Jean Clarke Keating, whose diverse life ranged from rocket science to writing about her beloved Papillon lap dogs and other animals, died at her Williamsburg home on Feb. 12, 2013. She was 74.|
Jean was born on March 3, 1938 in Athens, Ga., home of the University of Georgia. In 1958, she graduated from the university with a degree in physics and mathematics. She was a lifelong, rabid fan of the Georgia Bulldogs.
In 1958, she became an aerospace engineer with the National Aeronautics and Space Administration at the Langley Research Center, initially working on pilotless aircraft research, eventually helping with rocket launches at Wallops Island. In 1960, she married NASA physicist Gerald Keating. During 1963-68, she worked on Project Scanner, developing an infrared star-mapping instrument to determine the exact point at which Earth's environment ends and space itself begins. For that work, she received NASA's Special Service Award in 1968.
During her NASA years she became active in the Hampton Junior Woman's Club and cultivated various hobbies: horseback riding, snow skiing, tennis, bridge, photography and international travels with Gerald.
In 1968, Jean resigned from NASA to spend more time on her civic interests, and to decorate her new home in Williamsburg. Her civic interests flourished. She served two terms as president of the Hampton Junior Woman's Club, and as president of the Hampton Girls Club. She also served as secretary on the board of directors of the Hampton Association for the Arts and Humanities.
In 1970 Jean was named Virginia's Outstanding Young Woman of the Year, partly for her work at NASA, and one of the 10 most outstanding young women in the United States. In 1971, she became director of special programs for the College of William and Mary's Virginia Associated Research Center in Newport News.
In 1973 she became assistant director of institutional research at the College of William and Mary. Four years later she received her master's degree in information systems from the George Washington University's Peninsula campus.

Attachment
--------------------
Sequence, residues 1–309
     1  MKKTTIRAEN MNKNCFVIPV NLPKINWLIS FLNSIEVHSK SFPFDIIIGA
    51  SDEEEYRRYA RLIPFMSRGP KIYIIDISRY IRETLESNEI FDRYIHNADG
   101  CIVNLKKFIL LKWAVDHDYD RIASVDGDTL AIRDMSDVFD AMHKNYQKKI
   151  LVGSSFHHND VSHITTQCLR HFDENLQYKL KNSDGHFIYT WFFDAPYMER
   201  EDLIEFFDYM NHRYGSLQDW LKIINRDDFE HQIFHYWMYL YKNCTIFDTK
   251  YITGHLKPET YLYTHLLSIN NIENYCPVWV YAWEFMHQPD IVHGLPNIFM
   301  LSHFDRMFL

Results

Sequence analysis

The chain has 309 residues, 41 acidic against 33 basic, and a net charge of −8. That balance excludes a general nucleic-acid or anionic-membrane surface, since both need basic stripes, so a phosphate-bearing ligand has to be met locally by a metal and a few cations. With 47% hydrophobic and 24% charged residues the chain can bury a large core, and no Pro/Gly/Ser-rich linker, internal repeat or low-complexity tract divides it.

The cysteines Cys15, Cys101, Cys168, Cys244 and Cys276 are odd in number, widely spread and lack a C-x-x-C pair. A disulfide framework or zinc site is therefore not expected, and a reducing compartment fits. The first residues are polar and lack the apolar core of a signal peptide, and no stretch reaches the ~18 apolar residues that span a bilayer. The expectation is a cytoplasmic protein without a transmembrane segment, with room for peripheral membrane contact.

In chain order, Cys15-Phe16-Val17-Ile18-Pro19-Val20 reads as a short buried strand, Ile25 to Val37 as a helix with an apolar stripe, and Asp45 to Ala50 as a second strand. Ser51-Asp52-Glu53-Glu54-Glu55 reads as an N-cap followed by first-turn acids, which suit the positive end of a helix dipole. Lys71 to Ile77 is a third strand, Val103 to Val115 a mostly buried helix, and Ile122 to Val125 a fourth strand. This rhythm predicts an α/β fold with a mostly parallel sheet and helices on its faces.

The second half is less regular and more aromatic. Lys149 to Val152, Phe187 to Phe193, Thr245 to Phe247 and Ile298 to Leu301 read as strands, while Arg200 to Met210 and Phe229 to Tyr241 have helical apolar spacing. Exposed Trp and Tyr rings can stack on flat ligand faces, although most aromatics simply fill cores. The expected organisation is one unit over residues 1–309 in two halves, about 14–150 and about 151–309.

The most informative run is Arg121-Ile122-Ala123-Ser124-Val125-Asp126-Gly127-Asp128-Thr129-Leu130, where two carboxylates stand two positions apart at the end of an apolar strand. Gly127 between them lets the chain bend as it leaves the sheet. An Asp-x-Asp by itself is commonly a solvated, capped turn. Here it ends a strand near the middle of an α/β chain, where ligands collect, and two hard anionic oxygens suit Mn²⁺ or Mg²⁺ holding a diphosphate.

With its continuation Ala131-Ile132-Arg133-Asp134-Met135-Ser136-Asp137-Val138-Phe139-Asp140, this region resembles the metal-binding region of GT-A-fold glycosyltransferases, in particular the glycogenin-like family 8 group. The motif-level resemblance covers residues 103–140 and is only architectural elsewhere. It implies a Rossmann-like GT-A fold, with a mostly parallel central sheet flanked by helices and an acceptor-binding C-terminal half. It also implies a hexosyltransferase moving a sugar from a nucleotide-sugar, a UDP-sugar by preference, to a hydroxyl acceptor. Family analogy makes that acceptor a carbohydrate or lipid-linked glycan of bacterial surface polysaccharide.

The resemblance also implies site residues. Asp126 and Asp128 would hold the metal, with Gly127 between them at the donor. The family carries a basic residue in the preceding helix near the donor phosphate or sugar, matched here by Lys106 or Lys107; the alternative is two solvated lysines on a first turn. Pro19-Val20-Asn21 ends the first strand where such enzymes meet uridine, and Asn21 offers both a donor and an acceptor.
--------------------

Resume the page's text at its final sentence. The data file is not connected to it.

She remained active in volunteer work, chairing the Virginia Lung Association's regional health education committee, serving as president of the Williamsburg Woman's Club, and chairing the leadership development committee of the Virginia Federation of Women's Clubs.
In 1978, she began commuting to Richmond for her new position as information exchange coordinator for the Virginia State Council on Higher Education. In 1981, following a divorce, she began her love affair with Papillons, raising and showing them in competition.
Jean retired in 1998, and soon launched a new career, becoming a free-lance writer, speaker and author – and establishing Asta Publishers, which has published five novels authored by Jean: "Amorous Accident," "Pawprints on My Heart," "Pawprints through the Years," "Beguiling Bundle" and "Love's Enduring Bond."
With four fellow writers in the Chesapeake Bay Writers Group, which she served as president, Jean prepared "Published! Now $ell It!" She was also a book reviewer and columnist for Chesapeake Style magazine. Within the past month, she completed and published "Animal Heroes and Friends," a collection of stories by several authors.
Another of Jean's primary interests was southern history, including the Confederacy and the WBTS. She was a member of the Williamsburg Civil War Roundtable and a friend of the James City Cavalry Sons of Confederate Veterans Camp.
Jean was predeceased by her parents, Zack and Kitty Clarke.
A memorial service will be held at 2 p.m. on March 3, 2013 (Jean's birthday) at Nelsen Funeral Home, 3785 Strawberry Plains Rd.
Memorial contributions may be made to the Heritage Humane Society, 430 Waller Mill Rd, Williamsburg, VA 23185, or online at www.heritagehumanesociety/donate. Online condolences may be expressed at www.nelsencares.com and www.vagazette.com .
Published in Virginia Gazette from Feb. 16 to Mar. 15, 2013